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Paintings > Hindu > Psychological Warfare In The Ramayana
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Psychological Warfare In The Ramayana

Psychological Warfare In The Ramayana

Psychological Warfare In The Ramayana

The events leading up to the battle episode in this painting have been told and retold numberless times in Southeast Asia. With the first version ascribed to the great sage Valmiki, Ramayana is the story of Ayodhya's Prince Rama and His travails prior to ascension of Ayodhya's throne. When His father, the noble King Dasharath, is forced to banish Him to the woods, He not only obeys Him but actively empathises with him without a shred of judgment. He goes off into His fourteen-year exile, accompanied by His wife Seeta and His brother Lakshman, wherein their adventures comprise the major part of the great Indian epic. The holy Seeta is carried away in captivity by the king of nearby Lanka, Ravana. The brothers embark on a tumultuous search for her, succoured by the devoted Hanuman. When Rama finally discovers His Seeta in Lanka, He wages a series of battles against Ravana. This watercolour depicts one of those battles that led to the rescue of Seeta.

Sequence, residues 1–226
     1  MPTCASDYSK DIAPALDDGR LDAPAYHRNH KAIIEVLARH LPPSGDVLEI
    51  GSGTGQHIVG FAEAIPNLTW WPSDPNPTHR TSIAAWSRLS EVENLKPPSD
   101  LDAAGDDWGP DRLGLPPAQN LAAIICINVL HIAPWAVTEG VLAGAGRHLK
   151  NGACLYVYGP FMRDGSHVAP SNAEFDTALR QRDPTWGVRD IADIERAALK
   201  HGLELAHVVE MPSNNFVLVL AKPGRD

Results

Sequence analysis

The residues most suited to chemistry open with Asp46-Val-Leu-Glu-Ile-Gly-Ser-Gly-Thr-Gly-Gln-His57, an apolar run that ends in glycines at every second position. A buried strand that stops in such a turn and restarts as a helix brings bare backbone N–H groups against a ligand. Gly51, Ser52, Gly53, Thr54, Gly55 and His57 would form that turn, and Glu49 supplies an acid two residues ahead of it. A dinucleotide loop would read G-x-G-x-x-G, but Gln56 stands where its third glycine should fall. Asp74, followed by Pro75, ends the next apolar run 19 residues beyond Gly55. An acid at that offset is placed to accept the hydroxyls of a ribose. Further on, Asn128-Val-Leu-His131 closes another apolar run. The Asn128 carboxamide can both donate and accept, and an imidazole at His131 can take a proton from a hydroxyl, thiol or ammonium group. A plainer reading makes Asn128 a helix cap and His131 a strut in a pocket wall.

The grandest retelling of the Ramayana is the series of 400 paintings commissioned by Mewar's Rana Jagat Singh in the mid-1600s. The Kailash Raj work in question is a copy of one of those splendid paintings, which actually took nearly a decade to finish. It depicts a point in the war when Ravana's forces had been outnumbered by Rama's vanarsena (army of monkey-warriors), and so He sends Indrajit to battle. In his blue-gold chariot drawn by supple white horses, the generously armed Indrajit plays a mind game with the bothers. They are to the left of the painting, their stance unflinching. Indrajit uses His powers to project an illusory image of Seeta, which He grabs by the hair and slays brutally with His long, silver sword. As her body falls to the ground, cut into two, Hanuman rushes to tell the grievous news to Rama and Lakshman Himself. In the meanwhile the vanars are distraught to see their beloved Seeta thus slayed, but they refuse to let their warrior ethic slip as they continue to do battle with Indrajit's troops.

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Water Color Painting on Paper
Artist: Kailash Raj

11 inch X 7.4 inch
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